The downside of this solution is to qualify, a recipient must share their income on a webpage they have not visited before, which can be invasive. Further, this plan does not permanently address the cost of broadband, and once it ends, it is possible that the same groups of Americans who could not afford broadband before lose access to the internet. Additionally, when the average cost of a laptop in America is $700, a discount of $100 does not do very much to ensure that users are correctly benefitting from their new broadband connection. If the goal is to ensure that users can attend classes, complete homework assignments, and maybe play esports on the side, then a lower-cost tablet ($350 on average) would not address the problem of needing hardware to access broadband.
However, a program like this could be valued as a reasonable start if things continue to go in the right direction. A fair price for broadband is $60 a month. Reducing the cost of broadband to $10 per recipient for competitive speeds and reliability after subsidization could be a great tool to eliminate the digital divide so long as it persists after the pandemic.
Low-Income Broadband Laws
Low-cost broadband laws would require internet service providers to provide broadband plans for low-income recipients at a low-cost price. This approach would directly address Americans with physical access to broadband but who cannot pay for broadband solutions due to cost, thus, helping to bridge the digital divide. Low-cost broadband plans such as New York’s proposed Affordable Broadband Act would require all internet service providers serving more than 20,000 households to provide two low-cost plans to qualifying (low income) customers. However, New York’s law was stymied by ISPs arguing that it is an illegal way to close the digital divide as states are preempted from rate regulation of broadband by the Federal Communications Commission.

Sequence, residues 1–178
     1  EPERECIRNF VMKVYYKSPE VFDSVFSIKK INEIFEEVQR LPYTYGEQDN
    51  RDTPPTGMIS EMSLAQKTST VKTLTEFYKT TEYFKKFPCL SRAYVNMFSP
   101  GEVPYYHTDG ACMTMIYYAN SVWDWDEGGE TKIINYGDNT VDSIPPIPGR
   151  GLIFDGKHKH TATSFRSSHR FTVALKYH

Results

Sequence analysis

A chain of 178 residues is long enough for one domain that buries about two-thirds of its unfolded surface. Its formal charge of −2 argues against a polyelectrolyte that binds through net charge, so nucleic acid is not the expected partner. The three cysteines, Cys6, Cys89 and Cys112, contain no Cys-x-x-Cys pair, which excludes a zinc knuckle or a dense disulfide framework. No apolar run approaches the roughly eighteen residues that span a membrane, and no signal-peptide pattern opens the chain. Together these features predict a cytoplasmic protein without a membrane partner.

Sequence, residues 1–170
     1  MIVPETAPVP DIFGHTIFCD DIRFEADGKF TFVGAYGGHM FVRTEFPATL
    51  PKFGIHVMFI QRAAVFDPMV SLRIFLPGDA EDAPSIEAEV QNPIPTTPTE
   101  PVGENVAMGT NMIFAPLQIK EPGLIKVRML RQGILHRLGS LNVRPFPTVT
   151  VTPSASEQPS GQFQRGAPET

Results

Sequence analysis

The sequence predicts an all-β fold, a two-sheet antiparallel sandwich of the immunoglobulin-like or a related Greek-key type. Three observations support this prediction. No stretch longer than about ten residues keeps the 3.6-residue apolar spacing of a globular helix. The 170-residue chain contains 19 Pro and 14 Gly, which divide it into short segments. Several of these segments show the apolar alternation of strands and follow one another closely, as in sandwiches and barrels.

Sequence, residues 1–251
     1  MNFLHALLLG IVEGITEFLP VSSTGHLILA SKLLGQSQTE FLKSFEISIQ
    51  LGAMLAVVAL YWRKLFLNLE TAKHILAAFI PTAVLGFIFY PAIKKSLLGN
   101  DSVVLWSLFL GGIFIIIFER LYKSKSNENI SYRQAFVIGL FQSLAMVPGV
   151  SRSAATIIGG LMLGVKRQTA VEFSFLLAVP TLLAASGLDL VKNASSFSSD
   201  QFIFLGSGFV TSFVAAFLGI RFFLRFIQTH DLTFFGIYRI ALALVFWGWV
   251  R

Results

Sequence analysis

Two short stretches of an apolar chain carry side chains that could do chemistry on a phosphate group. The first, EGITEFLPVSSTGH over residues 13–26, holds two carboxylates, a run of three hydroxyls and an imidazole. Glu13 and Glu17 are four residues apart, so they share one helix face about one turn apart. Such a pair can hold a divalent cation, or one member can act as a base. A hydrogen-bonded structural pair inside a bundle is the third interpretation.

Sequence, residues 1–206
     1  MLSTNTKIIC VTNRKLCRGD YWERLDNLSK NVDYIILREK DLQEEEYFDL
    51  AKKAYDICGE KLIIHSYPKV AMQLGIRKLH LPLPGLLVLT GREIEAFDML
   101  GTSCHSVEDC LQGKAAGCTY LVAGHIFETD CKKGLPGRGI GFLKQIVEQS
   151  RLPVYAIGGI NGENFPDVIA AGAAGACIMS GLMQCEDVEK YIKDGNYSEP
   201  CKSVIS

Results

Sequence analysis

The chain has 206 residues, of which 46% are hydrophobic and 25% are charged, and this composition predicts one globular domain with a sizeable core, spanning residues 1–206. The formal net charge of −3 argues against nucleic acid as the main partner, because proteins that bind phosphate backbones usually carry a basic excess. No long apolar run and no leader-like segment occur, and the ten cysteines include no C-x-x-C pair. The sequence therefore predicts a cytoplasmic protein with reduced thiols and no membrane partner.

The ISPs argued that the Affordable Broadband Act operated within the field of interstate commerce and was thus likely preempted by the Federal Communications Act of 1934. However, as broadband is almost always interstate commerce, other state laws similar to New York’s Affordable Broadband Act would probably run into the same issue. Thus, a low-income broadband law would likely need to come from the federal level to avoid the same road bumps.
The Future of Broadband and the Digital Divide
An overlapping theme between many of these solutions is that they were implemented during the pandemic; this begs the question, are these short-term solutions to an unexpected life-changing event or rational long-term solutions for various long-term problems, including the pandemic? If cities, states, and the nation stay the course and implement more low-cost broadband solutions such as municipal internet, subsidies, and low-income broadband laws, it will be possible to address the digital divide. However, if jurisdictions treat these solutions like short-term stopgaps, communities that cannot afford traditional broadband solutions will again lose broadband access. Students will again go to McDonald’s to do homework assignments, and Aphromoo may continue to be the only active African American LCS player.